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Hosting an auction at your school is not a simple feat; however, with the right planning and resources it can lead to funded projects and increased giving. Bake sales are the way of the past, and schools are now turning towards auctions as a way to raise funds and pull their community together.
This series and eGuide will act as your key to creating a successful auction for your school by highlighting all of the moving parts that are involved:
Each piece of the process contributes to how much money is raised.
After reading our getting started series and eGuide, you will be able to develop best practices, improve your payment flexibility by using mobile card readers, learn how to acquire items for your auction, and ask questions to help you get started. This series is also developed with the assumption that your school has not previously hosted an auction; however, it will include some great information for those who already have. For those who have planned auctions in the past, you will have considerably less planning to do, especially if you already have volunteers and a process that can be reused.
The important thing to note that while fund raising is the ultimate goal, that your first auction is a stepping-stone for growth year-over-year. Each year that you continue to host an auction successfully will lead to great attendance numbers and funds raised.
Planning for an auction won’t happen over night, let alone in a week. You need to develop a volunteer team, select a venue, get the attention of your parents and community, find items to auction off, and get a process in place for accepting the winning bids. At a minimum, you should develop a team three months prior to the auction, and use the preceding time to plan out all the details; however, if you want to play it safe, start planning a year in advance. This will allow you the flexibility to work around your volunteer’s schedules without being too taxing, and build in ample time to market it as well. Once you have a timeline in place, start looking at themes.
One of the most important factors for your auction is choosing a theme. Having a general auction is acceptable, but for your parents, alumni, and community to fully support your cause it’s ideal to have a specific mission.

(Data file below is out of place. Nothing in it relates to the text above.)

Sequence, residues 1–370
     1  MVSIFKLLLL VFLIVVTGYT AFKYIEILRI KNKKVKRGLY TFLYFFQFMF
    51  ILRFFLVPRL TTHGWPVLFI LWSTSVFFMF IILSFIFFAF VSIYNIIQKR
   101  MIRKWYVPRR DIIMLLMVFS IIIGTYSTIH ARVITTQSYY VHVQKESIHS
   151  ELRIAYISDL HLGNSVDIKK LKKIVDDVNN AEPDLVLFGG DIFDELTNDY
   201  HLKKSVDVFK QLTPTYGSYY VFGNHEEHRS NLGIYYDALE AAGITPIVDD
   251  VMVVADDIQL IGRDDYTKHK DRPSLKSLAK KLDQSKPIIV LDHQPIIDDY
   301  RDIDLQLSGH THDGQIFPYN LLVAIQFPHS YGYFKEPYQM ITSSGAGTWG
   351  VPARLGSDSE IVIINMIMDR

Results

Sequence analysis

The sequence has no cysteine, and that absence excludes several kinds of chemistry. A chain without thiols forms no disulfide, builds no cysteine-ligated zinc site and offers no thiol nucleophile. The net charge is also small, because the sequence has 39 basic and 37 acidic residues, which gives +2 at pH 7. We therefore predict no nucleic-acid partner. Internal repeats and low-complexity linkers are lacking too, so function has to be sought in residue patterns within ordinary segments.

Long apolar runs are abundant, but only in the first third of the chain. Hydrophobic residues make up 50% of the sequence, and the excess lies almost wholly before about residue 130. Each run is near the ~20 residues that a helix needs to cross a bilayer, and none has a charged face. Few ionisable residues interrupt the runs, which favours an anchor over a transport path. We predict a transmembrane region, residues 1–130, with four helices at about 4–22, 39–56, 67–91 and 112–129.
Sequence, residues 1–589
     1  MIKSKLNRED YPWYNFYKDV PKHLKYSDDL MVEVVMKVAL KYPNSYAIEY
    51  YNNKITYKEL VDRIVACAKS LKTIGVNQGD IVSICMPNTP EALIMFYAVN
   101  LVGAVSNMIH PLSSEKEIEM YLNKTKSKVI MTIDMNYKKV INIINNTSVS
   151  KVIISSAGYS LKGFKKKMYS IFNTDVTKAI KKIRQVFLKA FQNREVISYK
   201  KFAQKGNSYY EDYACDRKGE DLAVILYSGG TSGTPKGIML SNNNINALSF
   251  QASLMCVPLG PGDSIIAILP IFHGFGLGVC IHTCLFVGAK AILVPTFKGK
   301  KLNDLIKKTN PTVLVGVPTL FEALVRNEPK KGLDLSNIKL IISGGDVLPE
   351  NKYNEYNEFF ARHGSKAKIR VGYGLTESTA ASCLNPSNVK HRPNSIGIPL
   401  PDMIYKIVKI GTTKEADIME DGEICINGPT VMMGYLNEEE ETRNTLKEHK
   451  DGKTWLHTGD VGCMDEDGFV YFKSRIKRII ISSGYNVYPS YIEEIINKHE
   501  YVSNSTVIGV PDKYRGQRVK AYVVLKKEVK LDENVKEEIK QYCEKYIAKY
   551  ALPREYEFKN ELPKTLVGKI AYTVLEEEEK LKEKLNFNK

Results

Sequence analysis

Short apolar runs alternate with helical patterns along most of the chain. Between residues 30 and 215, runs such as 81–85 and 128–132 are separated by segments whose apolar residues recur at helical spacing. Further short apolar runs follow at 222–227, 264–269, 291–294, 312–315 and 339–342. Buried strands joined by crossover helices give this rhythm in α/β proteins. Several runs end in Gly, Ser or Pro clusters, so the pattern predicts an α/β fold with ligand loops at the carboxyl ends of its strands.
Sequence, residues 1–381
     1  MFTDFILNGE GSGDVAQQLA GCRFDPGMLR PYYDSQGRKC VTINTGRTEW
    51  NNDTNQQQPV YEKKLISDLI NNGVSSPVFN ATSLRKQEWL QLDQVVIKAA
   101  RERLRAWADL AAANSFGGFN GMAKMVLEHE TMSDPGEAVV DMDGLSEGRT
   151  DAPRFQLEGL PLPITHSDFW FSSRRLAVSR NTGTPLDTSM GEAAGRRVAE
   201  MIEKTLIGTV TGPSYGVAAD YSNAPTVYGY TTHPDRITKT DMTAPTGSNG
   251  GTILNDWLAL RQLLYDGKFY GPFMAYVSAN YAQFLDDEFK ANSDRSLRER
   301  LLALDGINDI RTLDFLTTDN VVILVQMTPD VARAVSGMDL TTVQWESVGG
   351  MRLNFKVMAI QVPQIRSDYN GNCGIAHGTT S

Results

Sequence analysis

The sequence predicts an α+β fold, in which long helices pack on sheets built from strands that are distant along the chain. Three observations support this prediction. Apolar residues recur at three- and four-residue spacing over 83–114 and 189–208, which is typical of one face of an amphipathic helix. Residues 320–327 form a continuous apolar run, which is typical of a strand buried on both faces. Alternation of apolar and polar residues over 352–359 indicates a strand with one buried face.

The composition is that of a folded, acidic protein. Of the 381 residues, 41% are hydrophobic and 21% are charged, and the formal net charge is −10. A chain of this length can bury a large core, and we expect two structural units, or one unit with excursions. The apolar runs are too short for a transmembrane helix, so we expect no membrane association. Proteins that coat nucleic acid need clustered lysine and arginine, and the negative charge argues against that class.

If you are looking to improve the technology available in your school, replace part of a library, or finally get rid of all your chalkboards for touch-enabled boards, going into planning with this mission in mind will act is a foundation to build on. Further, tying your mission to a story about how the raised funds will positively affect their community, it will draw in a greater crowd. Though the auction may be about your school, bidders will be more apt to give you money if it affects them. Top your mission and story off with a theme, and you have an attention-grabbing event that your community will love to be involved with. Finding volunteers will also be easier since you will have a better grasp of who can relate to the theme.
Once you know your mission and how the resulting funds will positively affect your community, it will be easier to identify volunteers and parents who can make the largest contributions. Asking these people to participate not only plants a seed so that they know their contribution will be valued, but you’ll likely gain some excellent volunteers to help plan and execute the auction. Another important member of your team will be the auctioneer, which can either be an experienced auctioneer or even a local celebrity.
The last necessity to focus on besides acquiring items for your live and silent auction is the venue. Some schools use their own facilities while others will rent a better space that can be better decorated according to the theme. Selecting a venue is mostly dependent upon the cost, availability, and the amount of guests that you expect will attend the auction.
An auction may initially seem like it could be rather costly, but with the right amount of planning the entire cost can be covered through sponsorships from the community, admission to the auction, and even mini raffles throughout the night. If you can find someone to donate space, food and beverages, and create a volunteer team, a majority of your costs will only come in the form of time spent planning. Factor this in for who you initially reach out to when planning, as some of your community or parents may have suitable facilities for an.
Care to skip ahead? Download our free eGuide now, and learn how your school can host its first auction.